Lana Hechtman Ayers, WHEN ALL ELSE FAILS

WHEN ALL ELSE FAILS, Lana Hechtman Ayers. The Poetry Box, Portland, OR, 2023, 128 pages, $18.00,

When All Else Fails is a book-length memoir, beginning in the dark basement of a childhood of abuse and poverty, isolation, and estrangement. A violent mother, schoolmates who shun and ridicule. But lifting into something above storm-blown shingles of a rooftop. I imagine it a cupola filled with light, or the starry sky itself.

Poetry’s saving power is everywhere evident in these poems, even in the poems from childhood. In “The Slap,” for instance, where a leaf speaks, and in “The Thing with Feathers,” where a small brown bird outside a child’s window comes into its name, a wren. Of course the poet will find a way to rename herself (and it won’t be “fatso,” or “retard”), to love herself.  A father’s patient presence despite hardship is a great help, as are good grandparents.

And books: “Library books saved me from a dark childhood,” the poet writes in “Savior,” a poem about her brother’s less bookish transformation. In poems such as “I never thought to lie down with my father” (the title is the first line of the poem), and “I Knew,” with its perfect epigraph from Ellen Bass—What if you knew you’d be the last / to touch someonewe witness the poet’s transforming forgiveness even of her mother. Let me add a little to this. From early in the book, we know the mother’s violence, her name-calling. But in “I Knew,” late in the book, we see another way to be:

Leaning in close
I kissed her cold forehead,
kissed her rigid mouth,
kissed her angry mouth,
my touch being her last,
knowing she would hate that. (p 55)

Many of the poems lean on narrative, and some pieces are in prose. But this is a poet who can, just as easily, delight us with music and image. Consider this, the first poem in the collection:

My River Runs

My river waits reply.
                        —Emily Dickinson

Born to basement rivers after rainstorm.
To a Charlie Brown rose bush that teetered
on a single thorned bough, and the one bud
a season that never opened.
Born to mother’s word.
Bus rides with multiple transfers,
escape being more waiting & wrecked
umbrellas than flight.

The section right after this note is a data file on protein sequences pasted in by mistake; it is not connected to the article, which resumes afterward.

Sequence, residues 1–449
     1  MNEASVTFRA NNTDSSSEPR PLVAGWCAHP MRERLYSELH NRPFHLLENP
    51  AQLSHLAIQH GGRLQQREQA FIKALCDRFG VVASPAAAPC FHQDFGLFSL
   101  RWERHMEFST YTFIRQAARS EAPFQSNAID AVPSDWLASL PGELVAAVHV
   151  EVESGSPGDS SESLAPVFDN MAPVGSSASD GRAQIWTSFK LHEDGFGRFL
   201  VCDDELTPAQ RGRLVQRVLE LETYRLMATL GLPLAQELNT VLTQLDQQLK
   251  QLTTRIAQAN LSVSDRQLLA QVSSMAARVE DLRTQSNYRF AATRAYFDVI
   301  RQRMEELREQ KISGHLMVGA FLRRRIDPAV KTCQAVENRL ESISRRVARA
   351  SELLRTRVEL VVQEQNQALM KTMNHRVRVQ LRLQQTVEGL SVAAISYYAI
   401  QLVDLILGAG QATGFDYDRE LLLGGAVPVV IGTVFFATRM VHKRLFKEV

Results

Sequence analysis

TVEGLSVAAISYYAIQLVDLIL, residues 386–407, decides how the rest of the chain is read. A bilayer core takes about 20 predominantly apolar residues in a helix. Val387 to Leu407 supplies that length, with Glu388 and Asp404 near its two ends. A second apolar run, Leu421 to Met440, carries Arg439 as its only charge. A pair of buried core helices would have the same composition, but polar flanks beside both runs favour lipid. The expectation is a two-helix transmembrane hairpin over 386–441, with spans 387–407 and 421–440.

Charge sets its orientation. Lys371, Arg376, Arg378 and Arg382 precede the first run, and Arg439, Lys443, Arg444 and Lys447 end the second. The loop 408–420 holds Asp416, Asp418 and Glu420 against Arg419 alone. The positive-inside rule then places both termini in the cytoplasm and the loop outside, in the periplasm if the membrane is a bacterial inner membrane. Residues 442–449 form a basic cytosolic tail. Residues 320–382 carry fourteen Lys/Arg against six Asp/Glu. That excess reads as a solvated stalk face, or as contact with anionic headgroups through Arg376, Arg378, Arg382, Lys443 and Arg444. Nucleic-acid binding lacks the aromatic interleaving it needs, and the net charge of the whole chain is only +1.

Born to wide feet, wearing men’s boots,
treading-gait free of grace.
Born to Neruda’s short love & long remembering.
To the door ajar that oceans are.
Born to if only and why must…
To discover the Atlantic’s pulse in my throat,
the Acadia forest beneath my ribcage.
Born to trip, to topple, to tumble.
Born to the sky’s reporter,
mood ring for the rain.
To be a lap for paws, a map of bejeweled weariness.
To memorize the changing light.
Born to curl hand around pen and ride
the whitewater rapids of poetry,
no lifejacket required.

—Lana Hechtman Ayers

The arc of the book takes us from childhood to age, from New York to Oregon where she now lives and writes, and holds our hand through the loss of dear friends and mentors, and recent hard times: Covid-19, race injustice, gun violence, personal illness. Always, the sunlight breaks in so that odes to breasts and biopsies stand side by side with odes to camellias. It’s a primer on how to navigate a life with grace.

Just a few words more on being saved by poetry. Hechtman Ayers is the managing editor of three poetry presses—Concrete Wolf, MoonPath Press, and World Enough Writers. In these poems, over and over, she reveals herself as a true believer:

I am waiting for the police
…to be taken into
custody by poets,
and taught to recite Dickinson
and Whitman from memory.     (from “What I Am Waiting For,” p 69)

For now, all I want to do
is pray day and night:
Pablo Neruda, Warsan Shire,
Langston Hughes, Patricia Fargnoli,
Richard Blanco, Alison Luterman,
Octavio Paz, Ellen Bass.     (from “Creed,” p 109)

To learn more about Lana, visit her Poetry Box book page, here, or her website,, where you can sign up for her newsletter, always a poem she has gleaned from her reading. And, while there, soak up the quote that adorns her opening page, a quote she very clearly lives by:

“I feel that there is nothing more truly artistic than to love people.”

–Vincent Van Gogh

3 replies
  1. Janet B.
    Janet B. says:

    Wonderful thoughts and tribute, to post on Good Friday.

    In fact, it seems that II’ve been experiencing a new angle on my own mother. But, even so, I want to ask if you are perhaps skimming over the darker undertones of the last line of “I knew.” (Given, remember, “what if you knew you’d be the last / to touch someone”). I wonder what others might think about this?

    • Bethany
      Bethany says:

      I think I know what you mean and I can speak to that. To my mind, it isn’t that the poem forgets what’s come before, but the act of touching, caressing the body — now finally able to do so without repercussions — seems so redemptive to me. The forgiveness isn’t for the mother, but for the speaker. You’re right, it would be a terrific discussion.

      I mean, forgiveness isn’t for the recipient’s benefit (though it can be), but for ours — forgiveness heals us. That’s my thought.

  2. Debra Elisa
    Debra Elisa says:

    Thank you, Bethany, for yet another thoughtful review. Lana’s collection is powerful, and you’ve captured its essence with grace. I love these lines:
    I am waiting for the police
    …to be taken into
    custody by poets,
    and taught to recite Dickinson
    and Whitman from memory. (from “What I Am Waiting For,” p 69)


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